In 2009, I started this blog to mainly record my training ideas and share sport science as it applies to mountain sports with anyone interested. I’ve included plenty of ideas on adapting light and fast skimo racing gear and techniques to general backcountry skiing and ski mountaineering. Adopting these tactics allow skiers to cover more ground in less time and less effort than their peers more heavily burdened. Some of the ideas are obvious like using light boots and skis to climb and descend objectives. Other techniques are less obvious.
I’ve heard people familiar with Alaska say that “she’s” like a bipolar girlfriend. When she’s good, she’s awesome but when she’s depressed, well, she’s pretty damn intolerable. These past 10 days, or so, this beotch has been in a foul mood, one not conducive to psyching up the local skiers up here. Oh, she was awesome over the Thanksgiving weekend, that’s for sure. But we’ve had way too many days of freezing rain and drizzle even up in the mountains. I’m not ready to break up yet but I’m thinking about sleeping in the other bedroom.
Anyone paying attention when they come here will notice a new name on the banner and a few new images. Over the next few days, the domain name switch will be complete and this site will be officially be Skimo Life. You'll still be able to get here using the old name. That name has a certain amount of weight in the Google world and I don't want to lose what I have. But I'll be building an internet presence with the new one.
When I first started the site years ago, Get Stronger, Go Longer reflected the content and the direction. I'm still a physiology geek but since I'm competing less and exploring more the content of the blog has shifted. Hence, the name change. I always feel odd telling people the name of the site because it doesn't immediately reveal my overall direction of late. I hope the new name represents better what I'm writing about these days.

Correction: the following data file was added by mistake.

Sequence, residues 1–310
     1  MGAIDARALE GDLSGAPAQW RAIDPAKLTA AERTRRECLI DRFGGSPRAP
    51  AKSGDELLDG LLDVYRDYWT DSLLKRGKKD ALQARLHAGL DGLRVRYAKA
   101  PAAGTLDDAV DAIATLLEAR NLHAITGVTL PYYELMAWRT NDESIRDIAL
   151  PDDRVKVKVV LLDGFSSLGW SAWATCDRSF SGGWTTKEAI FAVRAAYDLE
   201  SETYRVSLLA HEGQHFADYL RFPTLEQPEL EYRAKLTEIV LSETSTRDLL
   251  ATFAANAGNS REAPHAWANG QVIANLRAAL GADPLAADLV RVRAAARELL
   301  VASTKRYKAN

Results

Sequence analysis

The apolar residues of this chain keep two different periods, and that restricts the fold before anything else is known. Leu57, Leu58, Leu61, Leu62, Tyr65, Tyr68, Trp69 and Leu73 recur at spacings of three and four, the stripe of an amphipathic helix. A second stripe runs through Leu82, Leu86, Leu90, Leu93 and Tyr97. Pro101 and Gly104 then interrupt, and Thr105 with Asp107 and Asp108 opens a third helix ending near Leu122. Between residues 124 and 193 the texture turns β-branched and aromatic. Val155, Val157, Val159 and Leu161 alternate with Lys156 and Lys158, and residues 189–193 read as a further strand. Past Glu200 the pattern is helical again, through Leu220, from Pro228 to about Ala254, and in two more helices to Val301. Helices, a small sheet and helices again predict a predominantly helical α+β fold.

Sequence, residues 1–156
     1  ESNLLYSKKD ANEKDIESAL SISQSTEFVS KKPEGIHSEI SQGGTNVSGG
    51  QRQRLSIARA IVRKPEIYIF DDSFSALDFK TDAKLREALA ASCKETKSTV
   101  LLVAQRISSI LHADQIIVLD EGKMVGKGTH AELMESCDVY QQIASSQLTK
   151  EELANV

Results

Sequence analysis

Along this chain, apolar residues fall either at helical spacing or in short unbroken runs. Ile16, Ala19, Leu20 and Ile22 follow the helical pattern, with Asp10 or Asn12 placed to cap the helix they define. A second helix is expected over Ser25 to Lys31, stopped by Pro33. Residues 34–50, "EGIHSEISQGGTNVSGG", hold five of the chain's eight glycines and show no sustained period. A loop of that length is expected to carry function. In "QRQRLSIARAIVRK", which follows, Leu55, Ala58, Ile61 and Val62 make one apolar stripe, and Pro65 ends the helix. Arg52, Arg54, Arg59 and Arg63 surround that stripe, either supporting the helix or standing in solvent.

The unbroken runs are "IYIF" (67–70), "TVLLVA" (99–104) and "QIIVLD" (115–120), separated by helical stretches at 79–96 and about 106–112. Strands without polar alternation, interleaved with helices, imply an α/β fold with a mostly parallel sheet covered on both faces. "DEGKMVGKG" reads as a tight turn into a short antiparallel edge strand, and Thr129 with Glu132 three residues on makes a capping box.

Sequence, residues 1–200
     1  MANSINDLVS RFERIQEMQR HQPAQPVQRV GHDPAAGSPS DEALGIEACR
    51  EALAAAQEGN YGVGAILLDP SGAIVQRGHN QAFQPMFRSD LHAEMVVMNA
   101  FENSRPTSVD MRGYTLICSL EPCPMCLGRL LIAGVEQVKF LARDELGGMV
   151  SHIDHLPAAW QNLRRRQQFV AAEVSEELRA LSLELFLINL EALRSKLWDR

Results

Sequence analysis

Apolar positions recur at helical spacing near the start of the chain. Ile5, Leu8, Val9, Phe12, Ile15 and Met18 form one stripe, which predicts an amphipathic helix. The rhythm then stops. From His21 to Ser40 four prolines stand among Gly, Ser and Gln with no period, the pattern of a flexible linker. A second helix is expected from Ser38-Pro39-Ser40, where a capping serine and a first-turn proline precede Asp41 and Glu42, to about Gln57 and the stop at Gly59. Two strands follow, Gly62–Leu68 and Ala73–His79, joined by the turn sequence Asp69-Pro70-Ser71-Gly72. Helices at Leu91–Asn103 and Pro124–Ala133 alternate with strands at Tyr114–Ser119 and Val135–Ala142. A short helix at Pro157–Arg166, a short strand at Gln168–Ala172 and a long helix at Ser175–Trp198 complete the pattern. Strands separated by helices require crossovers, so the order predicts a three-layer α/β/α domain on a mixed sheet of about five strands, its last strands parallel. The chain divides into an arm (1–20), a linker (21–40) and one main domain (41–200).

Content will continue to revolve around ski moutaineering including gear, trip reports and training. Off season pieces will likely center around mountain running which is the summer distraction for many alpinists and ski mountaineers. Internet users will still come to the site based on specific searches they're performing and hopefully the banner name won't distract or confuse visitors. Ultimately, I hope the transition will be a smooth one.
Thanks for reading. - Brian
The first time I became aware of the European Alps I was 14 years old. I was backpacking through the North Cascades on a 3 week Outward Bound style course. My first mentor, Miles Becker, would often wax poetic about the range, comparing the Cascades to the Alps. He shared tales of alpine daring by the likes of Louis Lachenal, Lionel Terray and other famous climbers of the modern era. I was captivated by their antics in the mountains surrounding the world’s alpine climbing epicenter, Chamonix, France.
Anyone who’s read this blog for a while knows that I favor light gear and little skis for most of my outings. This stuff works best for the long tours and vertical gain I prefer. I’ve pushed the use of thinner, shorter skis and light race bindings onto steep, technical terrain with generally satisfying outcomes. With like-minded partners encouraging this behavior, my ski quiver has stayed skinny…. until now.